In May last year, Prezzo heralded a new senior team, promoting former chief operating officer and finance director Dean Challenger to chief executive, which followed the appointment of Matt Prior, ex-Pret finance director, as chief financial officer and Olly Smith as chief culinary officer. Goldstein stepped up to chairman after the departure of Jones in September, while Andrew Davill, formerly of David Lloyd Leisure, was appointed as its new chief operating officer in January. Prior has since left the business, with Challenger currently overseeing his duties – although I understand a new chief financial officer is close to being appointed. Earlier this month, the company said it had returned to profitability following a strong second half performance ahead of pre-pandemic levels. The company reported revenue of £94.9m for the year ending 2 January 2022. Overall adjusted Ebitda for the financial period was £4.2m and total statutory loss was £22.4m. It said: “Prezzo’s like-for-like performance has been comfortably towards the top of the sector on the CGA Peach Coffer restaurant tracker throughout the year.”
However, three weeks later it announced the closure of 46 loss-making sites, putting around 810 workers at risk of redundancy. The brand said the closures come after its utility costs rocketed by more than double. It said cuts, which are part of a broader strategic review, will affect sites where “the post-covid recovery has proved harder than we had hoped”. The closures will leave the business with 97 restaurants and about 2,000 staff. The business said the closures will impact some high street sites as its portfolio shifts more towards those “in better locations to cater to changing consumer habits” such as shopping centres, retail parks and tourist destinations. Everyone has suffered from some, if not all of the issues Prezzo has faced, but many have realised that providing average mid-market fare, no matter if it is done well, doesn’t cut it anymore.
Unsurprisingly, the reaction to the latest closures has not been positive. As The Independent stated: “Prezzo closing isn’t sad, the UK has moved on from overcooked pasta and soggy calamari. Prezzo has been serving a dated menu to an increasingly discerning nation.” Or, as one sector investor put it to me: “Prezzo has always been a bit rubbish, so no surprise it is dying. Ever thus, in our turbulent sector, creative destruction. Especially in this era of raging inflation and a cost-of-living crisis.” Another said: “A basket case. It has been dead since about a year after TPG bought it.” Many more gave unprintable reactions, others simply shrugged their shoulders, and surely apathy is worse than having no feelings about a brand?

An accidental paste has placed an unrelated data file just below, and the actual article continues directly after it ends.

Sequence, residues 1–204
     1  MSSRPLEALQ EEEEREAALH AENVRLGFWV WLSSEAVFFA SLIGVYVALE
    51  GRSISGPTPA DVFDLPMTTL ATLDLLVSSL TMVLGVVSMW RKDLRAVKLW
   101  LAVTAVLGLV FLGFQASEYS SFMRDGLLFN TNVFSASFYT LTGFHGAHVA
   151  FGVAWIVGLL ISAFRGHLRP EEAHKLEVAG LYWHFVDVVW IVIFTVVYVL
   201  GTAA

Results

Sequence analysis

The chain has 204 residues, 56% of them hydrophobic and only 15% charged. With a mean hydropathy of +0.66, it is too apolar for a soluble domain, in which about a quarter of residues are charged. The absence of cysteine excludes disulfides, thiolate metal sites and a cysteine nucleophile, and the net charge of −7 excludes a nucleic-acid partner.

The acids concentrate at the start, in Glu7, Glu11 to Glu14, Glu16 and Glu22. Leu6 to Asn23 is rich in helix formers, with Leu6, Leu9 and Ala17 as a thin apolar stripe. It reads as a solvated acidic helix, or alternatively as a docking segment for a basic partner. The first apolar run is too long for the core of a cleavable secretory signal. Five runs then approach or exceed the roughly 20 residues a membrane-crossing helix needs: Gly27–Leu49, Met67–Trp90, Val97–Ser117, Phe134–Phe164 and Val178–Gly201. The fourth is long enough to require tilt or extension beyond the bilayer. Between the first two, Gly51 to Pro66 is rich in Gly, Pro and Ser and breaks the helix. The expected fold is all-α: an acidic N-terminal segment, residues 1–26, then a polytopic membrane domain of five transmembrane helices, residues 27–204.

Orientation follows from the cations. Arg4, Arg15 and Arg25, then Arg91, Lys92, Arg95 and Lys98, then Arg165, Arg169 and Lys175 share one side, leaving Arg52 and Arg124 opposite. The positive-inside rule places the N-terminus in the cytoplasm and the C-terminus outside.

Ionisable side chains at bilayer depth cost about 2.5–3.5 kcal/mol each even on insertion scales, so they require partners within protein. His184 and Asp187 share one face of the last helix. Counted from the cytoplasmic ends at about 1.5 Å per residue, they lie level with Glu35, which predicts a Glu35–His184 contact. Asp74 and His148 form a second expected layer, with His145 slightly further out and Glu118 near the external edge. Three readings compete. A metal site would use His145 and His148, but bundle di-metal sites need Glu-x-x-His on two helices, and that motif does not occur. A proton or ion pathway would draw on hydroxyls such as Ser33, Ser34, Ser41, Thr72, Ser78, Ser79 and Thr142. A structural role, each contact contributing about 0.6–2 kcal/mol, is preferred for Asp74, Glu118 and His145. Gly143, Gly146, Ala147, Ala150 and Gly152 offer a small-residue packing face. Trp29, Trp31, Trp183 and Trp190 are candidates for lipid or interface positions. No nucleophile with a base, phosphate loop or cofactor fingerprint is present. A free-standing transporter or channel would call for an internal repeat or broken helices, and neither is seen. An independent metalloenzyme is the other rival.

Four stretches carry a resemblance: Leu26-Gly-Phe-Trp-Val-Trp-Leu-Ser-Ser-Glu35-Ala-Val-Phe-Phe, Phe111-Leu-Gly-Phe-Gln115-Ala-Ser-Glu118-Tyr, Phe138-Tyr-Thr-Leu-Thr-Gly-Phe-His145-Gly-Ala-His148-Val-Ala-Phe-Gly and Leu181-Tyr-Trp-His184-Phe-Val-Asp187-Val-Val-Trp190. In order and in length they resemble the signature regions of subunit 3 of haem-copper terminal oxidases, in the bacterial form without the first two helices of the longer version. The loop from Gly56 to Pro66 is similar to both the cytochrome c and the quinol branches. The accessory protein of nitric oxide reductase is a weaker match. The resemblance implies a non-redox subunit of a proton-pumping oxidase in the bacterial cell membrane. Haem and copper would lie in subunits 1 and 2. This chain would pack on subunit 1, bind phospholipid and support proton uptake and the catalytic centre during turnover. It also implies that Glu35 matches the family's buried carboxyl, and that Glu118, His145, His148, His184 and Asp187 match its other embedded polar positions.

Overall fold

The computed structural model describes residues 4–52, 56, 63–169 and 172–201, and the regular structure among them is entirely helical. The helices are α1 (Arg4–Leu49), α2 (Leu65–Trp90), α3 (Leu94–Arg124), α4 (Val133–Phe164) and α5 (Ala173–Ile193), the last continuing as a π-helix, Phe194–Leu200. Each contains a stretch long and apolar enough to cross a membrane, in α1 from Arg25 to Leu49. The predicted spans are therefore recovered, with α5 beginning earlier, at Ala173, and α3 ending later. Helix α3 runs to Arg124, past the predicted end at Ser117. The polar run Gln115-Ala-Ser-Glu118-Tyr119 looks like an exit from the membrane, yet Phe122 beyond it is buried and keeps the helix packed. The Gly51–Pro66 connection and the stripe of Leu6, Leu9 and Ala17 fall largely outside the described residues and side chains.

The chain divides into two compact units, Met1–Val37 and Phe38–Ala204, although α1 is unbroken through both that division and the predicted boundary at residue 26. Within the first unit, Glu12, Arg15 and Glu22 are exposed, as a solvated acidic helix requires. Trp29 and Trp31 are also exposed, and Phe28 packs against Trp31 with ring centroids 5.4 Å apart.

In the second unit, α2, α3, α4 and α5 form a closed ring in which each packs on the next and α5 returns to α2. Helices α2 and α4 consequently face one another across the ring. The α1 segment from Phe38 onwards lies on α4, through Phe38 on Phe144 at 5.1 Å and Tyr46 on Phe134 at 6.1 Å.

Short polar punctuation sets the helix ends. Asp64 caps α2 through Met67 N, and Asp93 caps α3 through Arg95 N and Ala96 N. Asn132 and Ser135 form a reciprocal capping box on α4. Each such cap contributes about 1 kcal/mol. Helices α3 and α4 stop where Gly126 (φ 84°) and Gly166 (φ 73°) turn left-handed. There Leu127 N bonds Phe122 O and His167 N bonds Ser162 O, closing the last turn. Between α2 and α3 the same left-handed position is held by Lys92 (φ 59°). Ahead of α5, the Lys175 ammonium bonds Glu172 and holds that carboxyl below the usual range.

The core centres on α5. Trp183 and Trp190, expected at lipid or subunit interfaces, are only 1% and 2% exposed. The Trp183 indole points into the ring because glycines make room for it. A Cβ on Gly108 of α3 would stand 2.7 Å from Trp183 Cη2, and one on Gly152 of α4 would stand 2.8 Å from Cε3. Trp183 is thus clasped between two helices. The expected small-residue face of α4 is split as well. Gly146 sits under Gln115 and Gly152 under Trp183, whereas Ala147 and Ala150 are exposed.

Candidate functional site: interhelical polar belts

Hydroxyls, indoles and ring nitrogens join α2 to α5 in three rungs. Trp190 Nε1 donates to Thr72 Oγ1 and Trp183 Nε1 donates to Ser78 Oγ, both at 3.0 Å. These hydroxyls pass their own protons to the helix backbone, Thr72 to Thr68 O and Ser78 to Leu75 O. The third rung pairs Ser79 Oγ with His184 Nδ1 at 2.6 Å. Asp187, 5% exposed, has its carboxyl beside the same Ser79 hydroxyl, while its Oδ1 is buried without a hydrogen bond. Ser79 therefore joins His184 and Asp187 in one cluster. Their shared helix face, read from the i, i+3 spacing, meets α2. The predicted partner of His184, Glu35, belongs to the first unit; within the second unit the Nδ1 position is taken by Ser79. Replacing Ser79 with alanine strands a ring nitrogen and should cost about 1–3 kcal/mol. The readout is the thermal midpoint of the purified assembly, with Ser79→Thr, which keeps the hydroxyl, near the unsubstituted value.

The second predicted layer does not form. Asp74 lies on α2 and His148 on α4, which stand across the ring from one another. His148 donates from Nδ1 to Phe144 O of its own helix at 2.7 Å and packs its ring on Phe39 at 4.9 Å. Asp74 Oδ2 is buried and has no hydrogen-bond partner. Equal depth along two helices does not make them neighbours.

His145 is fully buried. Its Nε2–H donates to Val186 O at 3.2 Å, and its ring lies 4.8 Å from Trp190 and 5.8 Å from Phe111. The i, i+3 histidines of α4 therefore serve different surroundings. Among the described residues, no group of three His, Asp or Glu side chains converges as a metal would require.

It is also no surprise that the majority of the 46 sites that are closing – and it’s worth noting that a number of sites had already quietly been disposed of by the business since the turn of the year – are located in market towns across the country like Buckhurst Hill, Buckingham, Harpenden, St Neots and Whitstable. Alongside PizzaExpress, Prezzo was the first into market towns, but it has been a long time since they were the only show in those locations. These locations have become economically unviable. As one operator said: “The days when you could make money from generating £12,000-£13,000 a week are gone. Now it has to be £20,000 and above, and they have struggled to bridge that gap with a concept that hasn’t evolved significantly, a cost base that is fundamentally different to what it was and greater competition – whether that is from local operators or the likes of Loungers, Giggling Squid, Cote etc.”
While rivals have looked to move into the more premium market – such as Gusto and Zizzi – or tapped into their local communities and become more independent – see ASK Italian – Prezzo has seemingly done neither. It has also provided another example that the days of casual dining brands having 150-plus sites, perhaps even 100-plus, are over. As one sector investor said: “The whole easy rollout and teach guys to do the menu in two weeks kind of concept doesn’t work anymore.”